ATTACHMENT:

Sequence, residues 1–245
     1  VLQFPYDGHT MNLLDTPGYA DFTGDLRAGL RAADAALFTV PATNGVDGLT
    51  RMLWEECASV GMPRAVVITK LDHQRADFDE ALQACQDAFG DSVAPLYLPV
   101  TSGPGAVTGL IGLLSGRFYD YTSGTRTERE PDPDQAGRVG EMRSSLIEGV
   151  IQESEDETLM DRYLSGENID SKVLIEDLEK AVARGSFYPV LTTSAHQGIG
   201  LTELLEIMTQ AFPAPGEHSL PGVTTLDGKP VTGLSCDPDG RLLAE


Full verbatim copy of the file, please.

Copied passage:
Sequence, residues 1–245
     1  VLQFPYDGHT MNLLDTPGYA DFTGDLRAGL RAADAALFTV PATNGVDGLT
    51  RMLWEECASV GMPRAVVITK LDHQRADFDE ALQACQDAFG DSVAPLYLPV
   101  TSGPGAVTGL IGLLSGRFYD YTSGTRTERE PDPDQAGRVG EMRSSLIEGV
   151  IQESEDETLM DRYLSGENID SKVLIEDLEK AVARGSFYPV LTTSAHQGIG
   201  LTELLEIMTQ AFPAPGEHSL PGVTTLDGKP VTGLSCDPDG RLLAE